Nestled in the foothills of the majestic Rocky Mountains and blessed with an average of 300 days of sunshine a year, Denver has long capitalized on its natural outdoors lifestyle. And boomers, eyeing the region as a potential retirement haven that still offers four distinct seasons, have flocked to the region, making Denver the baby boom capital of the United States, according to the city's own demographic analysis.
Denver's housing market is idiosyncratic, says Dan Jester, an economist at Moody's Economy.com. "It never went through the big cycles [and] is holding up because it is small."
One sign is the light-rail system that is being built throughout the region, a move that is projected to be a boom for many builders looking to create new homes in Denver's many development pockets adjacent to the rail line, such as Lone Tree and Aurora, Colo. Ultimately, the rail line is estimated to bring new housing to the region, some estimates are between 250,000 and 350,000 new homes.
"The light rail will generate more [home building] and a better test of how it can change the development over the next 10 years," says Mike Rinner, vice president of the Genesis Group, a Denver-based housing market research company. "There will be probably 50 to 70 potential transit-oriented development locations; it's the greatest opportunity we have."
Rinner says Denver needs a few healthy economic quarters to get rid of the large inventory and to deal with its high foreclosure rate, which is one of the largest in the country thanks to a poor regulatory structure to protect consumers, as well as the use of interest-only loans and adjustable rate mortgages.
"The story right now in Denver is foreclosures–people got into homes they cannot afford," Rinner says.
While there is plenty of energy in Denver and lots of potential home buyers, economists still see a bleak time for the region until it shakes out of the downturn.
Other experts say Denver is coming back gradually rather than dramatically. When the tech sector fell in 2000, Denver lost about 100,000 jobs, and it has taken the last few years to get them back, according to Marilee Utter, president of Citiventure Associates, a Denver-based consulting company on mixed-use and transit. "Now we've absorbed the jobs, and we're back. There's lots of infrastructure investment. Our job growth is over 2 percent, higher than the national average," Utter says.
"I think we have at least another year of difficulty," says Tucker Hart Adams, chief economist for the Rocky Mountain region for U.S. Bank. "There are two pieces of good news. This is the third year housing permits are down, and we have not created the excess of new homes that some parts of country have." Community Ties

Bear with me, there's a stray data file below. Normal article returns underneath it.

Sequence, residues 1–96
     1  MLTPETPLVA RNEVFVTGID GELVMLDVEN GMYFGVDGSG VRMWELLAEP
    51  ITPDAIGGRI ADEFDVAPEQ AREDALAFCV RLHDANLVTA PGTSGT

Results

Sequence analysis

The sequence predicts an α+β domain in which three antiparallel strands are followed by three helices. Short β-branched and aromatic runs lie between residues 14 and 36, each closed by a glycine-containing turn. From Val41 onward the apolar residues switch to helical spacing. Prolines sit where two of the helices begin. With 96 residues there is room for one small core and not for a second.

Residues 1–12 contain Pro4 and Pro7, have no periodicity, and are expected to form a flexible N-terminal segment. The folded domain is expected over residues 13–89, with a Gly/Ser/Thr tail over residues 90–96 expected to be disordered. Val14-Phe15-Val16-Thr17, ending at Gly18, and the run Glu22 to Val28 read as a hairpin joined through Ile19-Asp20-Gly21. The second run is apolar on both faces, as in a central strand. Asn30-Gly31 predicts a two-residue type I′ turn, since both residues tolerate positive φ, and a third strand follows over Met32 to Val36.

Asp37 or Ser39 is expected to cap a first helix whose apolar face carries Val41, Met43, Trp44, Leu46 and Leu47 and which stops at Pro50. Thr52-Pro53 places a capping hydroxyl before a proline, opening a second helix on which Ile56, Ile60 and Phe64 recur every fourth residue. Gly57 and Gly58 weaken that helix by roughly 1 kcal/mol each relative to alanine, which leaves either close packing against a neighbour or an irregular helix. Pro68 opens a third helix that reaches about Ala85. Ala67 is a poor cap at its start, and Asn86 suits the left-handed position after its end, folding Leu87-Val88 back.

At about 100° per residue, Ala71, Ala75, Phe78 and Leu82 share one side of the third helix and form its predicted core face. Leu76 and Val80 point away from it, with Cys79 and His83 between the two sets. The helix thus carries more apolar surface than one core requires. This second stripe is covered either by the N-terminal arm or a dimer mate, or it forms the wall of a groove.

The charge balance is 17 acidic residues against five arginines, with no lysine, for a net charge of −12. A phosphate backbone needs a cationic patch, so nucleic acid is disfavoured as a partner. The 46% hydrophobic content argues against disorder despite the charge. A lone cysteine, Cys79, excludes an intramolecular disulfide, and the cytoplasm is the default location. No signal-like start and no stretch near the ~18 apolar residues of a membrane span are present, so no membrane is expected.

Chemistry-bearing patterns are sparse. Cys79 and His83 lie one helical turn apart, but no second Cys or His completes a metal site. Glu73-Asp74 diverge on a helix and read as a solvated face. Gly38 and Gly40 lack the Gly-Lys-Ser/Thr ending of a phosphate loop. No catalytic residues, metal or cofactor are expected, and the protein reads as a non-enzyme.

Jeff Kappes, Shea Homes' division vice president for the Denver region, likes to think his company has what it takes to sell homes here. And that, he says, means more than just building a nice house.
Shea has been working in Denver for 26 years, and its communities include Reunion in Commerce City, Colo., and Highlands Ranch which is in Douglas County. "We are really trying to emphasize that we are providing a community appeal that is different than what many of our competitors are applying," he says.
Pulte Homes is building new communities, too. At Anthem, northwest of the city in Broomfield, Colo., one typical sales magnet is conspicuously missing. Pulte decided not to build a golf course at the development because of Coloradoans' preference for undeveloped land, plus Anthem residents can simply walk across the street and join a club at another development, says Tony Barbee, Pulte's Denver president.
Eric Wittenberg, president and CEO of Boulder, Colo.?based McStain Neighborhoods, says he is approaching the Denver market with cautious optimism, expecting a decent 2007 and a better 2008. "In general what works are the best locations," Wittenberg says. "It's really a micro market versus a macro market. ? If I had to generalize, I would tell you fringe and suburban areas are feeling much more pain than the close-in or infill sites."
McStain is one of the 18 to 20 builders developing homes at Stapleton, the redevelopment of the former airport project led by Forest City Enterprises. According to stapletondenver.com, nearly 6,800 residents are already calling Stapleton home, and officials expect that number will grow to 8,000 residents by the fall. John Laing Homes also is building at Stapleton.
While there are plenty of signs that Denver will be coming back, economists say the Denver market is neither overheated nor contracted, and it will take a few seasons to stabilize. The region is expected to perform well in the next few years. But it will still take a magic formula to get it back to normal. Hanley Wood Market Intelligence predicts that the median price of an existing home is expected to gain 4 percent in 2007.
- Population: 2,402,800
- Job growth: 1.4%
- Permits: 14,865, as of 3Q06 (down 0.1%)
- Closings: 15,636, as of 3Q06 (down 16.5%)
- Cancellation rate: 21.4 %
- Total inventory: 50,077, as of 3Q06 (up 23.3 %)
- Median single-family home price: $304,990